The evolution of sexual reproduction describes how sexually reproducing animalsplantsfungi and protists could have evolved from a common ancestor that was Sexual reproduction biology single celled eukaryotic species.
The evolution of sex contains two related, yet distinct, themes: The maintenance of sexual reproduction in a highly competitive world had long been one of the major mysteries of biology given
Sexual reproduction biology asexual reproduction can reproduce by budding, fission, or spore formation not involving union of gametes, which reproduce at a much faster rate to sexual reproduction.
Since hypotheses for the origins of sex are difficult to test experimentally outside of evolutionary computationmost current work has focused on the maintenance of sexual reproduction. Sexual reproduction must offer significant fitness advantages to a species because despite the two-fold cost of sex, it dominates among multicellular forms of life, implying that the fitness of offspring produced outweighs the costs. Sexual reproduction derives from recombinationwhere parent genotypes are reorganized and shared with the offspring.
This stands in contrast to single-parent asexual replicationwhere the offspring is identical to the parents. Recombination supplies two fault-tolerance mechanisms at the molecular level: The issue features in the writings of Aristotleand modern philosophical-scientific thinking on the problem dates from at least Erasmus Darwin in the 18th century.
August Weismann picked up the thread inarguing that sex served to generate genetic variationas detailed in the majority of the explanations below. On the other hand, Charles Darwin Sexual reproduction biology that the effects of hybrid vigor complementation "is amply sufficient to account for the Biologists - including W.
HamiltonAlexey KondrashovGeorge C. Hopf and Richard E. Michod - have suggested several explanations for how a vast array of different living species maintain sexual reproduction. This section will briefly focus on the ostensible disadvantages of sexual reproduction as compared to relative
Sexual reproduction biology in asexual reproduction. Given that Sexual reproduction biology reproduction abounds in multicellular organisms, this section is followed by a lengthy overview of theories aiming to elucidate the advantages of sex and sexual reproduction.
An asexual population can grow much more rapidly
Sexual reproduction biology each generation. Assume the entire population of some theoretical species has total organisms consisting of two sexes i.
If all capable members of this population procreated once, a total of 50 offspring would be produced the F1 generation. Contrast this with an asexual species, where each member of the organism population is capable of bearing young.
If all capable members of this asexual population procreated once, a total of offspring would be produced. This idea is sometimes referred to as the two-fold cost of sexual reproduction. It was first described mathematically by John Maynard Smith. Technically Sexual reproduction biology problem above is not that of sexual reproduction but a problem of having a subset of organisms incapable of bearing offspring. Indeed some multicellular organisms isogamous engage in sexual reproduction but all members of the species are capable of bearing offspring.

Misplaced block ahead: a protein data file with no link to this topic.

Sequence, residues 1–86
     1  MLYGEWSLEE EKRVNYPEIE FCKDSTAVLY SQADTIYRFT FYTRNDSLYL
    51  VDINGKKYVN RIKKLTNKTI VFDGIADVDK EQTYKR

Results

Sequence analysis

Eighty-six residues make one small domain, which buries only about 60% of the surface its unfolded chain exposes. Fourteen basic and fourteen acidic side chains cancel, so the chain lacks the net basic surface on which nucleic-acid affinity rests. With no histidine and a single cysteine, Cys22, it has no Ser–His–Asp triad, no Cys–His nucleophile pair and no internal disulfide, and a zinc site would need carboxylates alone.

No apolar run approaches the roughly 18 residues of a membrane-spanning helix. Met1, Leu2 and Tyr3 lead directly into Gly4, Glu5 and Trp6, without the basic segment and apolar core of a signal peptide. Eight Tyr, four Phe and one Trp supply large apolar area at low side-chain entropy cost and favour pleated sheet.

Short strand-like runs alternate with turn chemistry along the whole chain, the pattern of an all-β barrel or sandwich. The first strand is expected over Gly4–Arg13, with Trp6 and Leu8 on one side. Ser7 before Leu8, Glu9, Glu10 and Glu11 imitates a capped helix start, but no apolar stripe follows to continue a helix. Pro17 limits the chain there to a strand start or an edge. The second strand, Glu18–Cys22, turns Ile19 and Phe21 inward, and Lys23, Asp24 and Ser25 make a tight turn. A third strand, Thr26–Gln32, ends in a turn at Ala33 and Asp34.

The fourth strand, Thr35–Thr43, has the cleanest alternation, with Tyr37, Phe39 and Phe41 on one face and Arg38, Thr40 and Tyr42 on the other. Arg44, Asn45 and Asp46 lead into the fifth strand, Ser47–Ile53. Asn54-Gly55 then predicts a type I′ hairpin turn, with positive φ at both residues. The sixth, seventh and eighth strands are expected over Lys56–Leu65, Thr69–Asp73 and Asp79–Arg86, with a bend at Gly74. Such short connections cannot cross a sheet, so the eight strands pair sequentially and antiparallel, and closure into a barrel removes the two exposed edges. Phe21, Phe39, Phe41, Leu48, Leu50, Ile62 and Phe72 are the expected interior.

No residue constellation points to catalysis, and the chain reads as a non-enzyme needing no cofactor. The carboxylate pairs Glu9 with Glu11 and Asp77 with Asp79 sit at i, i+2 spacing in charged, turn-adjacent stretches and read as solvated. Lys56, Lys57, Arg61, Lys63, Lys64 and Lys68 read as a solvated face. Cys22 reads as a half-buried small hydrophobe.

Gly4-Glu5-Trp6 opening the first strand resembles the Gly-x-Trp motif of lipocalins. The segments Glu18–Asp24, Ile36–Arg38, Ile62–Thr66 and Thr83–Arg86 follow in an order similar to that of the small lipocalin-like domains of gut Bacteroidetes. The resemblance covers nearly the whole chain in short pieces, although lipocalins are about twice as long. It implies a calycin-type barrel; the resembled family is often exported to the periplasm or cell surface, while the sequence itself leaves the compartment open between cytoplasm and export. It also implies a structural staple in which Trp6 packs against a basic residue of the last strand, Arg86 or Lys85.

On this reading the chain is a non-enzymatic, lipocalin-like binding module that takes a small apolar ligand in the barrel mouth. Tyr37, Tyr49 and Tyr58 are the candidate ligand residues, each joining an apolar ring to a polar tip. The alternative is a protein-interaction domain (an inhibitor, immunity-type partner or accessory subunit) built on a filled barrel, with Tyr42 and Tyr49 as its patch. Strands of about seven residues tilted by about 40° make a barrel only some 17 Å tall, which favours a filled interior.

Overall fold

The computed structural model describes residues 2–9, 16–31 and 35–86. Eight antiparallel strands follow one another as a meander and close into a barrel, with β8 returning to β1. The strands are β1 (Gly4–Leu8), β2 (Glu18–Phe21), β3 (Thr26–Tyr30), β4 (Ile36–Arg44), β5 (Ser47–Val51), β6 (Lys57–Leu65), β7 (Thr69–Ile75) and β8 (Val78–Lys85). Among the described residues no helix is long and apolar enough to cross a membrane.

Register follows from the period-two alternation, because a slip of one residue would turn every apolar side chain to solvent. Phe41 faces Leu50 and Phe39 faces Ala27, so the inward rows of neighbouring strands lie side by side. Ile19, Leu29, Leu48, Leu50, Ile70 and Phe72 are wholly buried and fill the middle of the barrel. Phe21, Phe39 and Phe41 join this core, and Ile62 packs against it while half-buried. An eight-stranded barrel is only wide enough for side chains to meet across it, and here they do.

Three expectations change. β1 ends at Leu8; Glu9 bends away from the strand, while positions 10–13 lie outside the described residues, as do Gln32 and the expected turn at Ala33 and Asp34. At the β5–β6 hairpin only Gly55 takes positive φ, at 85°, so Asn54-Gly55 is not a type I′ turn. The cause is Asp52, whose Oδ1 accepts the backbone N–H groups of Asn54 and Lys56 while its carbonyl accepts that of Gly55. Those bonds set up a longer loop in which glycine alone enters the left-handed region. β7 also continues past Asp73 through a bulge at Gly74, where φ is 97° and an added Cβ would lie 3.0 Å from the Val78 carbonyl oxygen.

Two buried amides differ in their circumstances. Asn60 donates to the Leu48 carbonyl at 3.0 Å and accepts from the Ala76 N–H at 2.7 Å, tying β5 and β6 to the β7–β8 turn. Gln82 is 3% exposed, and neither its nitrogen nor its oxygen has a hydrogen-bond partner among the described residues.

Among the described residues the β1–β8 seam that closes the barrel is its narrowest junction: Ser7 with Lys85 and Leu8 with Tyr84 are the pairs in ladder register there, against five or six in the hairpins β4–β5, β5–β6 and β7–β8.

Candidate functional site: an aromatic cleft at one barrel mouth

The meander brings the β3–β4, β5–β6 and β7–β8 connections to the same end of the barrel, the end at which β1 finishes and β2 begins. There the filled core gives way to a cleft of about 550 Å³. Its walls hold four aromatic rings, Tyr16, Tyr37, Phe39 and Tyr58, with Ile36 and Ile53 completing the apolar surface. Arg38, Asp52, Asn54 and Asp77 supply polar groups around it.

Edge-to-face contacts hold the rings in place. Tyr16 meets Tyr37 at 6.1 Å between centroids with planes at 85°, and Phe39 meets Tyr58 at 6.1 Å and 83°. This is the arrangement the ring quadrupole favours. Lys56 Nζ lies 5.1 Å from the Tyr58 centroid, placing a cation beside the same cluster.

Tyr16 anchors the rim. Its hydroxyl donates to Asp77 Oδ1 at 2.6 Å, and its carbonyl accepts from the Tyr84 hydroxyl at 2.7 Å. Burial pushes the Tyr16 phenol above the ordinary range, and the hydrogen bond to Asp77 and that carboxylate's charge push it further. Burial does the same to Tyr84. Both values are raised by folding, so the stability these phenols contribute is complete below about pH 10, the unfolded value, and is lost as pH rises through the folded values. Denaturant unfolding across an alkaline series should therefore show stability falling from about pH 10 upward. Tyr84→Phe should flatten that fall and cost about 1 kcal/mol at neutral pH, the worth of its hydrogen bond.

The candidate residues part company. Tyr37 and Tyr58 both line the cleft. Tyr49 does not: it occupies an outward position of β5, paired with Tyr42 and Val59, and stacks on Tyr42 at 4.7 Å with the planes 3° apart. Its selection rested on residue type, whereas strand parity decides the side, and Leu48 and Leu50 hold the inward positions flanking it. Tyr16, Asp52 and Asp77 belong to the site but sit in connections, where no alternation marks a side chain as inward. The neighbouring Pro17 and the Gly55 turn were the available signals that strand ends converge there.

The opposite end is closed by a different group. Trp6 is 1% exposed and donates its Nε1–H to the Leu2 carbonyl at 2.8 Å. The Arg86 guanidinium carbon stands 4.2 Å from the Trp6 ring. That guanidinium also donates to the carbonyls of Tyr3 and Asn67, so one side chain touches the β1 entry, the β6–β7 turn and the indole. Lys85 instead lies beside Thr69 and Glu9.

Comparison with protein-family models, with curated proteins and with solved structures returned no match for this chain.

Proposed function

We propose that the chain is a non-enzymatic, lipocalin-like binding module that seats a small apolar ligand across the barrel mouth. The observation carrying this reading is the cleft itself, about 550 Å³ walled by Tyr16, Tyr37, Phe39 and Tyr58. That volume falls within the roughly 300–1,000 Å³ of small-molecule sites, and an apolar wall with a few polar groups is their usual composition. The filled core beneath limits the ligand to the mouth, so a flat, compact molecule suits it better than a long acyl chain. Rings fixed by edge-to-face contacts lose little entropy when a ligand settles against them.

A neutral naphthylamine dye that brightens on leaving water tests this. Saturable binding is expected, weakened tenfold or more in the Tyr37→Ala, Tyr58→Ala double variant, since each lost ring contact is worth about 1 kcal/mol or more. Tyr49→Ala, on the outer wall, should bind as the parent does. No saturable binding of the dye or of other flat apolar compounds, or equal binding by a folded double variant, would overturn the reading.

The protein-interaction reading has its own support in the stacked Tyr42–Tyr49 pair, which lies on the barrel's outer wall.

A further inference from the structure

Sexual reproduction implies that chromosomes and alleles segregate and recombine in every generation, but not all genes transmitted together to the offspring. This is a consequence of the fact that gametes from sexually Sexual reproduction biology species are haploid. Again however, this is not applicable to all sexual organisms. There are numerous species which are sexual but do not have a genetic-loss problem because they do not produce males or females.
Yeast, for example, are isogamous sexual organisms which have two mating types which fuse and recombine their haploid genomes. In these species e. The concept of sex includes
Sexual reproduction biology fundamental phenomena: Depending on the presence or absence of these phenomena, the existing ways of reproduction can be divided into asexual, hermaphrodite and dioecious forms. The sexual process and sexual differentiation are different phenomena, and, in essence, are diametrically opposed.
The first creates increases diversity of genotypes, and the second decreases it by half. Reproductive advantages of the asexual forms are in quantity of the progeny and the advantages of the hermaphrodite forms — in maximum diversity. Transition from the hermaphrodite to dioecious state Sexual reproduction biology to a loss of at least half of the diversity. So, the main question is to explain the advantages given by sexual differentiation, i. It has already been understood that since sexual reproduction is not associated with any clear reproductive advantages, as compared with asexual, there should